We arrived at Simpson Pass at 1:05 pm. The pass is not really much of a destination. The pass is open and clear of trees, as it is a micro-climate called a frost meadow. A frost meadow is an area where cold air settles and stunts the growth of the trees. The pass is a junction with a short trail back to Healy Creek. There used to be a trail leading into Simpson Valley but the guidebook classifies it as a “dead” trail. While unremarkable looking Simpson Pass is very geographically significant. Water flowing south-east off the pass ends up in the Pacific Ocean while water flowing of the north side into Healy Creek will end up in Hudson Bay. This makes the pass part of the Continental Divide which is what the Great Divide Trail is meant to be following. We continued on from the pass with our next destination being the junction with the Healy Creek trail at the base of Healy Pass about 2.5 km away.
Emily’s Note: I’m so accustomed to passes being things you go up and then down, I was quite surprised to realize Simpson Pass you descend down the ridge to the saddle and then go back up again. I was waiting for an uphill the whole time until we hit the sign for Simpson Pass.
Soon after leaving Simpson Pass we came to a junction with Eohippus Lake. Emily and I visited the lake years before on a little hike through the area. We passed a pretty little pond, then dropped down into Healy Meadows. Healy Meadows combined with the meadows on Healy Pass, Lost Horse Creek, Harvey Pass, Citadel Pass and Sunshine form what is known as Sunshine Meadows. We did not see many people on this section but that would soon change.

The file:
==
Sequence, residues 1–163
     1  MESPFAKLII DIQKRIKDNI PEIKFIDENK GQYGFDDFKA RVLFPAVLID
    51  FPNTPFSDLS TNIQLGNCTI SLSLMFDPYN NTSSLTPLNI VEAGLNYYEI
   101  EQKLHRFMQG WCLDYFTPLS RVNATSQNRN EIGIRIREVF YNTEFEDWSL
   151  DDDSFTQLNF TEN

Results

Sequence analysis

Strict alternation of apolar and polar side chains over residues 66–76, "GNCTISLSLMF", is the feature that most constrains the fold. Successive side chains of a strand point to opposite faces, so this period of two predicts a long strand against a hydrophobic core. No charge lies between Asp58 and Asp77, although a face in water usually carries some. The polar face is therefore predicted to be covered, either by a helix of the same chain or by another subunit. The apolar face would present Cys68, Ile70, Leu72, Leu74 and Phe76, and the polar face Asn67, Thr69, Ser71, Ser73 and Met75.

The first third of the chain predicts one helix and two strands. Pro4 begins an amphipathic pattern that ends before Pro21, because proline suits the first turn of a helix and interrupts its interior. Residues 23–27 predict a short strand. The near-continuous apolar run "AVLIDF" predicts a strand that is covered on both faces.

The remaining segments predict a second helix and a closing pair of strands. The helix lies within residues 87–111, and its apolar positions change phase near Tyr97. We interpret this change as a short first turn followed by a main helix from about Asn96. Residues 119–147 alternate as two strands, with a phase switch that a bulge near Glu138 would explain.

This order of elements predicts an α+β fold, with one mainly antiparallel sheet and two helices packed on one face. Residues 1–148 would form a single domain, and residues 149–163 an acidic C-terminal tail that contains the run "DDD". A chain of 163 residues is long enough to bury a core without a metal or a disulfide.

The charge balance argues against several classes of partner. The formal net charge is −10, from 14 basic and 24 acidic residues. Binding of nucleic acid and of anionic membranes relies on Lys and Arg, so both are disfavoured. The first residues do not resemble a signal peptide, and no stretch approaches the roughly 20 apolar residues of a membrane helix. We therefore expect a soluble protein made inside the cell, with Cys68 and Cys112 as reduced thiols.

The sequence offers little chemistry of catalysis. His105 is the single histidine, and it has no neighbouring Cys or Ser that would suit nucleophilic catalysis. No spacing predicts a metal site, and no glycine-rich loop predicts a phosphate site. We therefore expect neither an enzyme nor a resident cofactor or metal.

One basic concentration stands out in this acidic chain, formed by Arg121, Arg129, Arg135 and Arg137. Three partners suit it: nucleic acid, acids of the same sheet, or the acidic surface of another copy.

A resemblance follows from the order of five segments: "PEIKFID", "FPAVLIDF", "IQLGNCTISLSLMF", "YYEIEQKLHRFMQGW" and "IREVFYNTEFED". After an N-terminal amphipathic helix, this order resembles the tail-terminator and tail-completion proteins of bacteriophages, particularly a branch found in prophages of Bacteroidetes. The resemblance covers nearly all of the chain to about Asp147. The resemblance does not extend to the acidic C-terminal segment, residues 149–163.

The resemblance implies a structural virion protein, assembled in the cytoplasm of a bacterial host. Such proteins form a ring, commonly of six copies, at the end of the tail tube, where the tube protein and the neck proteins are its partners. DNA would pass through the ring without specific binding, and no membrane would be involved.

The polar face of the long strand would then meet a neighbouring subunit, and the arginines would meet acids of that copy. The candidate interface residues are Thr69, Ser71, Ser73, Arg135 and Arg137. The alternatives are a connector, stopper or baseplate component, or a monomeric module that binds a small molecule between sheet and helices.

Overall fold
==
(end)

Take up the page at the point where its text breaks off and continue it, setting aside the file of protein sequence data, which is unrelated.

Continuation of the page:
Emily’s Note: Also I should note that dad spent quite some time trying to figure out why the lake is called Eohippus Lake, Eohippus being an extinct type of miniature horse-like animal. He couldn’t find the story behind it, so if you know the answer, please satisfy our curiousity and let us know!
We arrived at the junction with the Healy Creek trail at 1:45 pm. We spotted some small fish swimming in a shallow pool of water in Healy Creek. It was 1.5 km and 160 m of elevation to Healy Pass our biggest climb of the day. Two things happened as we started up to the pass; the number of flowers increased exponentially, as did the number of people. We had only seen about six people since we left Rock Isle Lake. On the trail up to Healy Pass there were bus loads upon bus loads of people. Was difficult to be annoyed at all the people, as the flower display was incredible. It was not yet 2 pm and we only had 4.8 km to go so we were in no rush. We frequently stood aside on the trail attempting to give as much space as possible as groups of 20 or more passed by.
What is interesting to me as a wannabe geologist is that the quartz rocks in the area, part of what is known as the Miette Group, are neo-Proterozoic in age, about 750 million years and are the old the oldest rocks in this part of the Rockies.